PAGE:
Electric vehicles are becoming a prominent option for people around the world to escape traditional gas-powered options. According to Pew Research Center, 7% of U.S. adults have an electric or hybrid vehicle, with 39% saying they’d likely buy an electric car the next time they’re in the market for a new car. However, outside of big cities, these cars are not quite common. Why? It could be due to a lack of charging stations to power their cars.
Agenda Discovery makes local governments more transparent for business owners across a wide range of industries. We ensure you stay on top of government matters that relate to your industry to ensure you’re not caught off guard. The future looks electric and local government agencies and businesses are looking to facilitate consumers’ needs. Read our article below and learn how the public and government sectors are reacting to charging deserts.
America is Facing an Electric Vehicle Charging Station Shortage
While commuters are becoming more interested in electric cars, many don’t invest in these incredible innovations. According to the New York Times, the biggest deal breaker for shoppers is the lack of chargers in apartments, communities, and long-distance drivers. One resident in the article describes how he has to drive a couple of miles away from his home and wait several hours before a full charge.
In an Insider study, surveyors asked people who owned electric cars why they went back to gas-powered vehicles. Their answer? Charging an electric vehicle is more of a hassle than simply filling your car up with gas. While these vehicles are undoubtedly the future, the United States is facing a problem and it’s driving away consumers.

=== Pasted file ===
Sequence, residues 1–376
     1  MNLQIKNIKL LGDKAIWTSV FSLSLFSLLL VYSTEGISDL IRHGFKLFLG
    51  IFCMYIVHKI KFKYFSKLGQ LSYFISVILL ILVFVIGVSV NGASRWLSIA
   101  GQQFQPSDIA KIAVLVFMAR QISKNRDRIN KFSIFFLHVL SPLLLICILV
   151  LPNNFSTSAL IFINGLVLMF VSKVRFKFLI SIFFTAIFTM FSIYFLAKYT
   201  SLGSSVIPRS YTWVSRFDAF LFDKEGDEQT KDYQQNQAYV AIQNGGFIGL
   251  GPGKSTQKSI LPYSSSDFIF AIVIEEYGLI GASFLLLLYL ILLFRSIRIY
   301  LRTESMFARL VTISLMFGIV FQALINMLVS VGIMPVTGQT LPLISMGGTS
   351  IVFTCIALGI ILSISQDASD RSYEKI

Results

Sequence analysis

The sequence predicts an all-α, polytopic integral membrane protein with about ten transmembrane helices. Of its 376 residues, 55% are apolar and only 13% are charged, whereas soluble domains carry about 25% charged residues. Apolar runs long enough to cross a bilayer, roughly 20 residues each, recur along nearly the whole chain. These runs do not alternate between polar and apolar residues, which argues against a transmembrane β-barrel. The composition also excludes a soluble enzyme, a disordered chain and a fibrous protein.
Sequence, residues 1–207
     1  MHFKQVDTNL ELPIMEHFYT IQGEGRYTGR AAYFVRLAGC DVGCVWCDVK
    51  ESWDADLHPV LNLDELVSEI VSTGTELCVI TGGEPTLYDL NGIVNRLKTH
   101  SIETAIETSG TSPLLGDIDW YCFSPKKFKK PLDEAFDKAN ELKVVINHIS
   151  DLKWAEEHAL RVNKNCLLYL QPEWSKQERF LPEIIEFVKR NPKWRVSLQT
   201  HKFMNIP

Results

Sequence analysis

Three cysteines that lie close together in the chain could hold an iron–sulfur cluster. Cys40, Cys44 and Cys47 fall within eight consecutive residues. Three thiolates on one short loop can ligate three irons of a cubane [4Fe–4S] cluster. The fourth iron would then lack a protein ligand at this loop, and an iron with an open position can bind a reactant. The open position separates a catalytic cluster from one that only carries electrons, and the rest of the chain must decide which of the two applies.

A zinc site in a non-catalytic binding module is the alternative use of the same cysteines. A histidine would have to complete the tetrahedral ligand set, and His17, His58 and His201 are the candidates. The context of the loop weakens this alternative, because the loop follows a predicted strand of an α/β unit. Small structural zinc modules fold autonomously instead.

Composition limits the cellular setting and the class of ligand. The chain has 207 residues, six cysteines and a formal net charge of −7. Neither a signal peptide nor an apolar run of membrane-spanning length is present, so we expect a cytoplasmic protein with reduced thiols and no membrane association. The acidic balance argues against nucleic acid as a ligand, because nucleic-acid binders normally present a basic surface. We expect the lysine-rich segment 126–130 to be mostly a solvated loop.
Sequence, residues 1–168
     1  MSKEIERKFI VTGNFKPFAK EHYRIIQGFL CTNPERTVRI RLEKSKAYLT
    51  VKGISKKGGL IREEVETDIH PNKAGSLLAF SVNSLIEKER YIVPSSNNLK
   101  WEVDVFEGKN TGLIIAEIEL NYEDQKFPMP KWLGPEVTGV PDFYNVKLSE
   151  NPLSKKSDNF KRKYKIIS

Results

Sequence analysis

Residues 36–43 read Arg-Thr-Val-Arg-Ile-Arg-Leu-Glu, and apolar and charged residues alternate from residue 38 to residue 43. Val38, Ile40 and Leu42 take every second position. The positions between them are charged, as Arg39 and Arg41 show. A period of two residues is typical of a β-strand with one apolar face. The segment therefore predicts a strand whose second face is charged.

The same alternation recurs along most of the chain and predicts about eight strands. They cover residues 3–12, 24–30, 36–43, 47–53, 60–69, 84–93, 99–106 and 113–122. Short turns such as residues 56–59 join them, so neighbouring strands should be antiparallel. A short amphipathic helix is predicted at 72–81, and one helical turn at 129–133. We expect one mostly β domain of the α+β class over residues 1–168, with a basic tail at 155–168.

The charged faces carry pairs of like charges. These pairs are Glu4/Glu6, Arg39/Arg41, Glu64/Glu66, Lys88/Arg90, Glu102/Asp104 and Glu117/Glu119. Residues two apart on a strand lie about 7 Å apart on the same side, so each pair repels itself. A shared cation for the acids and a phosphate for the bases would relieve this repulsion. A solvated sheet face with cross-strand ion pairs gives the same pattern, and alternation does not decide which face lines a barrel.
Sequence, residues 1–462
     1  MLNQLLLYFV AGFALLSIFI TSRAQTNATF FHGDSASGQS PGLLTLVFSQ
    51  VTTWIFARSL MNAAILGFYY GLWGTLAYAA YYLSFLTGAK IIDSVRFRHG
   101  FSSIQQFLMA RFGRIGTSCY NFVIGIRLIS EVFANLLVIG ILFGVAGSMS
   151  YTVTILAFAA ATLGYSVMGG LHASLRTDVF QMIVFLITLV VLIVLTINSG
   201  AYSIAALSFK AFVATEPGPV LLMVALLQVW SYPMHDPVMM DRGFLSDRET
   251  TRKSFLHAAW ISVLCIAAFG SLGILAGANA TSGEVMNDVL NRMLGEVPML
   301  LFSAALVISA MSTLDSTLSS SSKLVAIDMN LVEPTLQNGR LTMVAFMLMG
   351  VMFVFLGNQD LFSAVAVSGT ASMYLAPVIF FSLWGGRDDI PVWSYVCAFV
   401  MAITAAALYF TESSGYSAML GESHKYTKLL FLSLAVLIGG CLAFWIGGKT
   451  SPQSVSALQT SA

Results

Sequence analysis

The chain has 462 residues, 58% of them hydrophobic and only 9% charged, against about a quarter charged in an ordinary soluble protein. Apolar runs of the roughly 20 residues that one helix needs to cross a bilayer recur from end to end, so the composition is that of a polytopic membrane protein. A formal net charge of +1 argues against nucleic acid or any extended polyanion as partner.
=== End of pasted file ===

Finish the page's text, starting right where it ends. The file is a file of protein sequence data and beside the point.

How are Local Government Agencies Responding?
You might have heard that President Biden has launched a campaign that invests in the advancement of electric vehicle charging stations. The Department of Transportation announced it will be offering grants that can be used to deploy a better charging infrastructure. This involves funding for new charger-related research, development, and installation.
Municipalities across the United States have already begun strengthening their electric vehicle infrastructure. They’re normalizing electric cars by adopting them in their own vehicle fleets. Austin, Texas set a goal of having 330 vehicles in their inventory by 2020. Additionally, Los Angeles’ sanitation department is committed to an all-electric fleet by 2035. Most likely, local agencies adopting electric cars will implement more charging stations to accommodate their drivers and the public at large.
In addition to normalizing electric vehicles, local government agencies are creating incentives for places to install charging stations. The New Jersey Department of Environmental Protection is providing grants to offset the cost of purchase and installation of electric vehicle charging stations. Properties such as parking facilities, workplaces, government and educational facilities, non-profits, apartments and condos are eligible for the grant.
Rural towns are also an important element in the electric vehicle infrastructure. Establishing a robust and continuous infrastructure is important if companies and agencies are looking to make these cars the new norm. This develops a partnership among all stakeholders and greater placement of charging stations across the U.S.
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